I recently had the opportunity to be a guest on Mark Hopley’s podcast, “Fly Fish 97” out of British Columbia. He asked some really great questions throughout the conversation, but one question especially intrigued me. I’ve thought of it several times since and decided to paint that picture in writing. The question was, “How would you paint your perfect fishing day?”
I love early mornings for a number of reasons. I’ve grown to love the pre-dawn stillness, the first glimpse of light as the sun rises and, most of all, the coffee ritual. I love coffee! I’ve started roasting my own beans and have found Guatemalan beans are my favorite when toasted to a chestnut-colored, full city roast. My brewing method begins with fresh ground beans, an insulated mug, and a well used Aero Press finished with a splash of Half-n-Half.
The car has already been packed with my 10 foot, 2 weight Epiphany Moonshine rod, a dozen freshly tied Pat’s Stone Flies, my tiny camp stove, and a package of Japanese noodles. It’s a two-hour drive to my favorite spring creek so my audiobook is already queued up and ready to go. It’s 5:30 am as I leave my East Nashville driveway so, if all goes as planned, I should be in my waders making that first cast by 7:45. Of course, this takes into account the quick stop by Dunkin' Donuts for a cream-filled doughnut!
As I round the last bend in the road I know my first glimpse of the creek is almost in sight. After a thousand fishing trips, I can honestly say I have the same amount of excitement and anticipation as if it were my first time out. This morning is no different. Rain showers the previous two days have left the creek a little swollen and slightly stained, but that’s perfectly okay with me. As far as I’m concerned, the conditions are excellent for fishing this creek since it’s typically gin clear. One wrong move on a clear day and the trout will be spooked 100 yards up and down the stream.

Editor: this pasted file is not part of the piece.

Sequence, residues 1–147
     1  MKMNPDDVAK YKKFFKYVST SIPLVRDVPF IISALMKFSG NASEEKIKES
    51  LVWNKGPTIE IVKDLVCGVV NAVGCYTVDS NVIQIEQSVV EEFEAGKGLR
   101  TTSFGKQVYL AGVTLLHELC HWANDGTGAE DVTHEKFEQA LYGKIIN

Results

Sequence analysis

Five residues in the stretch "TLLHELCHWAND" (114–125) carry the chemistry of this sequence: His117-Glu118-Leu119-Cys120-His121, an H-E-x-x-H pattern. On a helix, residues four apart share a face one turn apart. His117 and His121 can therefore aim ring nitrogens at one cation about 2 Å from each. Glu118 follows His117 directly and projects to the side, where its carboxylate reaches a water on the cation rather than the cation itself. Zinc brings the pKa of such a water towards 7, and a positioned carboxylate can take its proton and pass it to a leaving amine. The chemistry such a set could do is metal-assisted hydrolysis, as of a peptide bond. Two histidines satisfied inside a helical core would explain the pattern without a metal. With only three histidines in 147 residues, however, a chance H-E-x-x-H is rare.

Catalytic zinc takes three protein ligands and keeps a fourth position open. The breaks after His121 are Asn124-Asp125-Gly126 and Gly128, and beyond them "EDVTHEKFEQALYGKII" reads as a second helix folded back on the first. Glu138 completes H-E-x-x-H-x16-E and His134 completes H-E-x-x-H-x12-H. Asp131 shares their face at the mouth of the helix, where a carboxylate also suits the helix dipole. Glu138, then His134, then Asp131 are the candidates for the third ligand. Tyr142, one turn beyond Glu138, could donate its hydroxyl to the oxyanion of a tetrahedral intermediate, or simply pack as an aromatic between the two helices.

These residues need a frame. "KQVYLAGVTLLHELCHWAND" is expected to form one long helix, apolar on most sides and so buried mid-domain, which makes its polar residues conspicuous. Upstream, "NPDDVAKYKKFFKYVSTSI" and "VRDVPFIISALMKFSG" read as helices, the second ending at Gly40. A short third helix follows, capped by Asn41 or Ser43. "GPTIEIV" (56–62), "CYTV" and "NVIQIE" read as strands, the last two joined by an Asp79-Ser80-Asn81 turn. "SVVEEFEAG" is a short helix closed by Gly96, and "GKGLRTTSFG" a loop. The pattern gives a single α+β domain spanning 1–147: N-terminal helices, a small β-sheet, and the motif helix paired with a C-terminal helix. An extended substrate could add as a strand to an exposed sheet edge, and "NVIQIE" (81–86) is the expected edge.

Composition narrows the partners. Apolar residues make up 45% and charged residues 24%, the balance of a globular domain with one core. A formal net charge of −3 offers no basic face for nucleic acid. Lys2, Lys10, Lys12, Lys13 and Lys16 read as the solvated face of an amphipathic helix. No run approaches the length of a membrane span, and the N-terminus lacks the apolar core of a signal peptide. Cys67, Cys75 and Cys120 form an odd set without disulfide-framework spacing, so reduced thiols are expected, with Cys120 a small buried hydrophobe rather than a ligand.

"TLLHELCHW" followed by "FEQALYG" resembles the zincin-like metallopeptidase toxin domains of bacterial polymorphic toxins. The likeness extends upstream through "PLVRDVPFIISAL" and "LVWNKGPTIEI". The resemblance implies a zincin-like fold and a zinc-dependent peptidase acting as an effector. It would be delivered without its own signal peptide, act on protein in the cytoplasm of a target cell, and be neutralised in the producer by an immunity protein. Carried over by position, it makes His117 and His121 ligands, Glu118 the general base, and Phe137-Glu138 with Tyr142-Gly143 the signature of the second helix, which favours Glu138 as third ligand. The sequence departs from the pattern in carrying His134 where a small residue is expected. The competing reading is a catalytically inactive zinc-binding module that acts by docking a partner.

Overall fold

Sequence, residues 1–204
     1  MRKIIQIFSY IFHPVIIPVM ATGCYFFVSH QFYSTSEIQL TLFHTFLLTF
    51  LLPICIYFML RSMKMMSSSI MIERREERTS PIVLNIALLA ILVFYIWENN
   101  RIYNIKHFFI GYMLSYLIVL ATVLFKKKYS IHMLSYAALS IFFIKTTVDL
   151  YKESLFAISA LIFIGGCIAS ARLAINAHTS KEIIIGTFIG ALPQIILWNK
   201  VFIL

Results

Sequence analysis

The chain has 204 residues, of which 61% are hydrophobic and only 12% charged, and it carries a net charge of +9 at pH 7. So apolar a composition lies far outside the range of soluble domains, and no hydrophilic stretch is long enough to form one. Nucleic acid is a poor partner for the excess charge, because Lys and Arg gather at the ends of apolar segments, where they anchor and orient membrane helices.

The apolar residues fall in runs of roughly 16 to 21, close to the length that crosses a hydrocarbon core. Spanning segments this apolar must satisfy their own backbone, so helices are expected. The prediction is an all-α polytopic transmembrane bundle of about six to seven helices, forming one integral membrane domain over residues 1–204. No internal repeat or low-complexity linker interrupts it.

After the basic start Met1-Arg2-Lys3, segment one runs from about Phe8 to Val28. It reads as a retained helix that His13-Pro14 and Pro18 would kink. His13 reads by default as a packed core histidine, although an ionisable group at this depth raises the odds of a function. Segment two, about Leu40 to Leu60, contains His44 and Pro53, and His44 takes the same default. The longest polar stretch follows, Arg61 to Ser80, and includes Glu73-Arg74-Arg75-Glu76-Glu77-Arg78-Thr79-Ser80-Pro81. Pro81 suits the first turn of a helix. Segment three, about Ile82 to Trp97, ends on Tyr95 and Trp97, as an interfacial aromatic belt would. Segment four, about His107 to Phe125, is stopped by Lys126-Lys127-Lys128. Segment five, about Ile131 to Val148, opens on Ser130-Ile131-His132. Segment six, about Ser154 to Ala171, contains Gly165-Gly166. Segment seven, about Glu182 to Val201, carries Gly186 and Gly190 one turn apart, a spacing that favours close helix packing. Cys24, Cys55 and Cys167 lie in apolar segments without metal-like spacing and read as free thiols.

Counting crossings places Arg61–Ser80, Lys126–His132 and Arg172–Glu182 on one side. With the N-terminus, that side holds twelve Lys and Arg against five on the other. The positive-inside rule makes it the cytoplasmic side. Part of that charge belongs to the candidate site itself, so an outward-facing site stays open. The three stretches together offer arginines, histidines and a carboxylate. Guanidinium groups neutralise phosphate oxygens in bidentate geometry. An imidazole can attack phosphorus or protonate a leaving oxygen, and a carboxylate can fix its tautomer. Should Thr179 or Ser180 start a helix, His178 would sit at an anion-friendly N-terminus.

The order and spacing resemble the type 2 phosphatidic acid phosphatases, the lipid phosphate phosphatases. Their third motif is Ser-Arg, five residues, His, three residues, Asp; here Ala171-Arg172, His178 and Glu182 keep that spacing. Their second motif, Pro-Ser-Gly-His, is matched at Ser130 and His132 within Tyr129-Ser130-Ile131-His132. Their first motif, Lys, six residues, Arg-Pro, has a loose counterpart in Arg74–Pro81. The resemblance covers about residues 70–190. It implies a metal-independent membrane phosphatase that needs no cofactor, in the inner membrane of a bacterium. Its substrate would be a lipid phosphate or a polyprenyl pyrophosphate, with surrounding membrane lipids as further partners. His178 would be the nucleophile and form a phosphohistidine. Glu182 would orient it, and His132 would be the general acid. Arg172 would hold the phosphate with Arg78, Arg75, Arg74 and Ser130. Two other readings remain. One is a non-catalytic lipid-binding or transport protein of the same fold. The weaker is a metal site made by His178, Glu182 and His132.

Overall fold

I park off the road in my favorite spot, pull on my waders, and within minutes, I make the first cast upstream. Allowing the fly to bounce along the bottom, I suddenly feel the familiar tap on the line as a wild rainbow has taken the fly. The trout is small but brilliantly colored and less than a year old, as evident by the magenta parr markings or, as I like to call them, God’s thumbprint. After a dozen of these beauties, I fire up the small stove, boil some water and add the noodles and seasoning. Perfect lunch on this chilly afternoon.
Before starting the second half of the day, I flip over a few rocks to check out the underwater trout menu. It’s a healthy creek with an abundance of stoneflies, net spinning and cased caddis, and giant mayfly nymphs.
As I approach a deep slow run on this familiar stretch of water, I opt for two flies to get through the water column quickly. A thread frenchie and stonefly make up this tandem rig. With the overhanging branches, a bow and arrow cast is needed to shoot the flies upstream, giving them just enough time to reach the waiting trout. Two casts are all it takes to see the multicolored sighter disappear beneath the water’s surface. The give and take begin. The light tippet requires some finesse to successfully land this beauty, but after a few moments, the trout slips into the net. After admiring the unique markings of turquoise shadowed eyelids, she is quickly released back into the run, disappearing immediately. The day wraps up with a few more small but feisty trout and a handful of creek chubs before taking the final walk through the woods and back to the car.
I find a sleeve of peanuts in the glove box and a cold Diet Coke for the drive home. Before leaving, I scan through my phone for messages, and I’m excited to see an invitation to have burgers at M.L. Rose with some favorite friends at 6:00. Leaving now, I’ll arrive just in time. I shoot back a quick text, “See you there,” and then begin the drive home. It’s the perfect ending to the perfect fishing day.